4 parts! A 4 part blog post about required fields. Who knew that was possible?! In case you missed previous, here’s part 1, part 2 and part 3.

For 3 posts, I’ve spoken about why required fields can be bad and why the phrase “System Required” can be misleading depending on your users and the path the data takes into your system so let’s change pace and talk about what you can do.

In the low code no code world we currently live in, read on carefully because realistically the only way to make something truly required is with some code. Whilst I know code isn’t the only option, it’s the only real scalable option but in the interest of fairness, I’ll still talk about a low code alternative.

Plugin with custom code

Thankfully, doing it through custom code isn’t tricky if you’re a developer and in fact, I’ve got an open source repo and solution that does exactly that if you’re interested – more on how to set that up on an addendum blog post with a how to guide.

By using a plugin, you can edit the pipeline and intercept any message, from any source and stop records being saved regardless of where you are. Your code can even load in metadata each time it runs, meaning it will always check for the the latest fields to be required if you do decide to change them at a later date.

Sadly the user experience of a plugin throwing an error isn’t great but it should at least get the message across to your users – this is how the example solution mentioned earlier looks.

Enforcing required fields

Importantly though, there is no way of getting around it so if you are adamant a field MUST be required this will enforce is moving forward. In post 2, I showed a C# program that made a record. If I run that same program now, I get the exact same error.

A consistent error message

Interestingly, in the core system there are situations where Dynamics 365 needs fields to be required and it HAS to be enforced. Guess how Microsoft do it? That’s right in – in a plugin!

Business Rules

Business rules are a low code no code approach to this and will run like a real time workflow of old as at the time of writing, real time workflows still are required to be done on the old interface and there isn’t a modern replacement in Power Automate. I have no doubt it’s on it’s way but for now, this is what we have.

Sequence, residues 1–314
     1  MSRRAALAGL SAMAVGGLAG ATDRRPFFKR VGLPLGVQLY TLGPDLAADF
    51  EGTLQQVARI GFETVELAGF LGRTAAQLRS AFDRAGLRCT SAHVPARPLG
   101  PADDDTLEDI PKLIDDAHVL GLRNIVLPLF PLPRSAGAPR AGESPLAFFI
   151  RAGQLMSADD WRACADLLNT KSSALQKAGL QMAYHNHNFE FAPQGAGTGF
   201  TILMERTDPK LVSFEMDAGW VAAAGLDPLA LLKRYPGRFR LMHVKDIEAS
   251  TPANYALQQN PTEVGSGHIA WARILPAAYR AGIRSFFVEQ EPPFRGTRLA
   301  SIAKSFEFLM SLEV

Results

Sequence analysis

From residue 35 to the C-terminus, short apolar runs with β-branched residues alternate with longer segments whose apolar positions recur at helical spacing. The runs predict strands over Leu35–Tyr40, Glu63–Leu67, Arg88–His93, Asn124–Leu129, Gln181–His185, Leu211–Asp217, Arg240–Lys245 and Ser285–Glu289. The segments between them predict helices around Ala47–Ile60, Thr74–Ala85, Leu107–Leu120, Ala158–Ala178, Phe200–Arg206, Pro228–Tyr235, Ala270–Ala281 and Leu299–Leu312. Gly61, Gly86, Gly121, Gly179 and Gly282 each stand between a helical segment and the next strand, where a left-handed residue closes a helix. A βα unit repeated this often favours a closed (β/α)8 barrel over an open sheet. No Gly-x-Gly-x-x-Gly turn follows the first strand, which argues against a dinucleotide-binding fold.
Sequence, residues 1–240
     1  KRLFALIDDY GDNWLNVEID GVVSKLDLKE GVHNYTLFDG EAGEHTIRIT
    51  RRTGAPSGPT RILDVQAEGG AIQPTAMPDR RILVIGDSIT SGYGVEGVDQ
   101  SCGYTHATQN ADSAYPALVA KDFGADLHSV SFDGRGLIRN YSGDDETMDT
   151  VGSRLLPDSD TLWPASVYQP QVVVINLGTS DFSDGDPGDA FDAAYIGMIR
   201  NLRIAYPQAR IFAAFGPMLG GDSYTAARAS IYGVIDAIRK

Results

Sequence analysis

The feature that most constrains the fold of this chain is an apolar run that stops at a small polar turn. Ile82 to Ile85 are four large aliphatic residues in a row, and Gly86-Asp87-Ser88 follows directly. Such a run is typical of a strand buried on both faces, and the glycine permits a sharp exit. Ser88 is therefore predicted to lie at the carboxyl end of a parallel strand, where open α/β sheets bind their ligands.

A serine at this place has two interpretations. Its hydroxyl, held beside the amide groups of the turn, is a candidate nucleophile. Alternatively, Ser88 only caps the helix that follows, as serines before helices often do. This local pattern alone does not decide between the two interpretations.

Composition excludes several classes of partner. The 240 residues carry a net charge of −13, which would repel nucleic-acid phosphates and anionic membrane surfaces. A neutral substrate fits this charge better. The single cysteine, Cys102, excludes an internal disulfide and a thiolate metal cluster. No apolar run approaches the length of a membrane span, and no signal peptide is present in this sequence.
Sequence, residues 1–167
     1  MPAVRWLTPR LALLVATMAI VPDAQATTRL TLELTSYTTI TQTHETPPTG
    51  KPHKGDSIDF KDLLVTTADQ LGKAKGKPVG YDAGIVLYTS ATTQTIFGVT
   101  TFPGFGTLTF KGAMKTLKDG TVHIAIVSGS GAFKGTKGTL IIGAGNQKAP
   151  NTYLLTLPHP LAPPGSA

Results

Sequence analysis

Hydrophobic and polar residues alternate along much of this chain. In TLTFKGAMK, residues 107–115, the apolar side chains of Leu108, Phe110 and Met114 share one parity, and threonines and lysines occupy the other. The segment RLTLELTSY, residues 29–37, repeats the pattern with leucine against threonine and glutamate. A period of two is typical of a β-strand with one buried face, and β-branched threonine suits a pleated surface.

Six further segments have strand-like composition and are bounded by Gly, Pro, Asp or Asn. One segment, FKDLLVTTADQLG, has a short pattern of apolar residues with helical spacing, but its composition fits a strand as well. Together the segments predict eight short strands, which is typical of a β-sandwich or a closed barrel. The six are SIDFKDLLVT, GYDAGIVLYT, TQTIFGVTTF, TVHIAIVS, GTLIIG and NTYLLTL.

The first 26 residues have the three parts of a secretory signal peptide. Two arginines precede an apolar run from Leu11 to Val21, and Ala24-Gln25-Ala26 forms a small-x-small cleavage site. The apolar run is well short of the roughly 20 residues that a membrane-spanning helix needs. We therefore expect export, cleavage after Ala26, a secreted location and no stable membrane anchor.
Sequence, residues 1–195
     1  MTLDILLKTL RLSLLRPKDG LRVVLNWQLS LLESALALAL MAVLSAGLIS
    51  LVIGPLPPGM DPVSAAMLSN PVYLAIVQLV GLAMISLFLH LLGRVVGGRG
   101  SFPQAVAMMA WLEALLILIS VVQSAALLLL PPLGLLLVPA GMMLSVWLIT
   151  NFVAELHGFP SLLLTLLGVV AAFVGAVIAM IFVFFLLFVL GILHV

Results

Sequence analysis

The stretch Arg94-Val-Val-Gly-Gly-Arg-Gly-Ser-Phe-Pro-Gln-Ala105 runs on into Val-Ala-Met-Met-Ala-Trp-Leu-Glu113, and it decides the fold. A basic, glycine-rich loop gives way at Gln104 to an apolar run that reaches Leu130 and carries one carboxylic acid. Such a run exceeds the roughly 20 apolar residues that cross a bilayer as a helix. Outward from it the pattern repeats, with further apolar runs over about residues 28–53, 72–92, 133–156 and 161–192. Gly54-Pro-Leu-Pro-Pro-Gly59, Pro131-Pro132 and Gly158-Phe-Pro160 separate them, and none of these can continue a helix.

We can use a new business rule to perform the same checks and cause the saving to throw itself in the event a criteria isn’t satisfied – although compared to the plugins, this will work at the start but can take some time to set up and also a lot of time to manage moving forward. This is an example business rule.

Business rules to save the day

By resetting Business Required, I can trigger a useful warning:

Response stopping me saving on the UI

Success – I can’t work around this now in the user interface and what’s better even my code gets the same error when I try to make the record.

Response stopping me saving in code

My issue with those low code approach is the scalability and the steps required. Not only do you have “System Required” set at the attribute level, you need to add those steps into the business rules for every single field and moving forward if you make a new field required, you have to do the same steps again – if you forget? You’ve made a data quality leak again.

In Summary

To summarise, if you really really want to use required fields and want to enforce them everywhere you possibly can then the no code/low code world needs to wait a little longer as I think a plugin will be required to do this is the most efficient and secure way.

If you have any other ideas or options for handling required fields, I’d love to hear about them!


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